Sunday, March 12, 2017

Opportunism in research

When I was in seventh grade I joint the youth-group of a political party. Approximately two years later we had the opportunity to meet with the leader of that party to “discuss”(1) the further directions said party could or should take.
The leader of that party had been of the view that the party should takes some positions of the green party, not of reasons related to the content of the positions, but because the green party had dropped these positions.

While I could understand that getting votes is important for a political party, I found that too opportunistic and left: I felt that you should argue for things bases on the arguments (and counterarguments) you have not based on popularity.

I changed a lot of my views, but I still believe that. However, maybe I understand better that it’s not always easy not to be opportunistic, because opportunisms seems to be what brings people forward. The questions is whether it brings you where you originally wanted to go.
I hope that research is primarily about learning new things about the world, but it’s also politics: Should you point your results just a little brighter than they really are? How much, if any, opposing literature should you cite? Change that effect size estimate a little to increase the chances of funding? Present only your positive sides in a CV?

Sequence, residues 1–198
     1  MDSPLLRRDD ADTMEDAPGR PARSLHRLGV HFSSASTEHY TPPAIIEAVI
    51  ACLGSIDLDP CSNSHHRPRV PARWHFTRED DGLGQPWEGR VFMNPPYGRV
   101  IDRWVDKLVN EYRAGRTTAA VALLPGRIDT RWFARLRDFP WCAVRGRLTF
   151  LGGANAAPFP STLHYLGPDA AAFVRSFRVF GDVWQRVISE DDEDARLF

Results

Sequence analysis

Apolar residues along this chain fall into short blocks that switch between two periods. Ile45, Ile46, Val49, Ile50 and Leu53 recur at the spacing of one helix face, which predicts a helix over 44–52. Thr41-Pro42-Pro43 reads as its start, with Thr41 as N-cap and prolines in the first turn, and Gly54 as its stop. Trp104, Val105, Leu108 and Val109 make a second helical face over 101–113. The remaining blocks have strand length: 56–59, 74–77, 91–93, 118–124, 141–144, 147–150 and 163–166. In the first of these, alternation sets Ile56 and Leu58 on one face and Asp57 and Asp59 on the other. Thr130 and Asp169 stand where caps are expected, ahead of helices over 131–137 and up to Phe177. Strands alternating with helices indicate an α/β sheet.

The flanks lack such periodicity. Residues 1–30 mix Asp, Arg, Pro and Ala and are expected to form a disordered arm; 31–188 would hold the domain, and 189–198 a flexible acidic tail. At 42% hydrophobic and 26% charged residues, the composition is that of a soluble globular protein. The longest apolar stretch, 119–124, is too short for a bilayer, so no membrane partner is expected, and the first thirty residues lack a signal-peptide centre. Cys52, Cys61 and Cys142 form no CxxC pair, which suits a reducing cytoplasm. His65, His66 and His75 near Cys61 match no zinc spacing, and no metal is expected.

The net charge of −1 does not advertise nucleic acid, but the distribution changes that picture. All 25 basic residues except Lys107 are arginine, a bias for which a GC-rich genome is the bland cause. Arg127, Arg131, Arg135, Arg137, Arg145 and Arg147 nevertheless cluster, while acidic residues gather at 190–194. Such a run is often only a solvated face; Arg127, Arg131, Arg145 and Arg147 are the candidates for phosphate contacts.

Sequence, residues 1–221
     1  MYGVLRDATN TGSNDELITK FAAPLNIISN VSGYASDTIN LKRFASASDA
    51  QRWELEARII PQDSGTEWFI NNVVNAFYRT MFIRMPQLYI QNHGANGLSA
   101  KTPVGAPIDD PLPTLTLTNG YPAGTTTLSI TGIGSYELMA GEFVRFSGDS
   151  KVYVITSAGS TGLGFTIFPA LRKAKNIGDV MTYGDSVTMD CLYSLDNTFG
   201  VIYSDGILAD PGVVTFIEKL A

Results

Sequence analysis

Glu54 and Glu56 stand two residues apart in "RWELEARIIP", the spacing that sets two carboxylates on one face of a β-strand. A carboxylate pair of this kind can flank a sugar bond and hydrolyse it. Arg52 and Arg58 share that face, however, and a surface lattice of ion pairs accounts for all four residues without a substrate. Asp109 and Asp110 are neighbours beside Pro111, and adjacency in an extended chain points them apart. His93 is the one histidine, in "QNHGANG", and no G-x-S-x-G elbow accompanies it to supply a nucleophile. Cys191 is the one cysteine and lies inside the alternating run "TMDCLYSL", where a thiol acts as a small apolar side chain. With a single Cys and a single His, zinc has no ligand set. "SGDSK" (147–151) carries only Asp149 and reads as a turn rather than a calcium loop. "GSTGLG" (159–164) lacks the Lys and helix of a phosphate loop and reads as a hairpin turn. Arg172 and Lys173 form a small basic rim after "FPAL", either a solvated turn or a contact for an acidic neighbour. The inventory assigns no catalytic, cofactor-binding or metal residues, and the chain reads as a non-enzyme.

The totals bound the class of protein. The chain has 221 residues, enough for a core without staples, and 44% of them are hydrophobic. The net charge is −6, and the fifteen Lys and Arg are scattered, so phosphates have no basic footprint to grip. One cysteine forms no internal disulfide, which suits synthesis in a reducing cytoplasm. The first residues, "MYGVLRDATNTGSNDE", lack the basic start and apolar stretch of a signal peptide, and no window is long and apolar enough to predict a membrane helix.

Some people may say that none of these things are ok, ever, under any circumstances. I tend to agree, but then, how long do you search for counter evidence? For how long do you check if things aren’t worse than you think? Living, breathing, consuming is inherently opportunistic, isn’t it? Working is. If you can’t work in research, you’ve to work elsewhere, and I don’t know if selling burgers at McDonalds would be any less opportunistic?

So the question may be where to draw the line. That however is a difficult questions, especially when a lot of current problems in research may stem from people taking every chance (to get money, to publish, to stay in research) with no regard to the long term consequences… (2)

(1) Of course I know that such “discussions” are just for publicity/popularity as well.
(2) I don’t know if I could say what I want to say. Basically my question is: What is ok and what isn’t and how should we decide? It would be easy to say, all but perfect honesty is wrong, but a) perfect honesty is difficult to achieve, because you can never tell everything that *might possibly* be relevant and b) I think it would put most people out of research pretty quickly. Some people may say, the perfectionism shouldn’t be to goal, but then the question is where to draw the line? What is ok and what isn’t?

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